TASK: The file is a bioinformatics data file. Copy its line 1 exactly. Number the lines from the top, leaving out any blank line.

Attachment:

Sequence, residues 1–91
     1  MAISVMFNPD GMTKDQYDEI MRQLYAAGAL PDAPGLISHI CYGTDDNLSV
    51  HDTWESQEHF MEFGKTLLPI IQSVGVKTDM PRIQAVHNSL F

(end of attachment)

Sequence, residues 1–91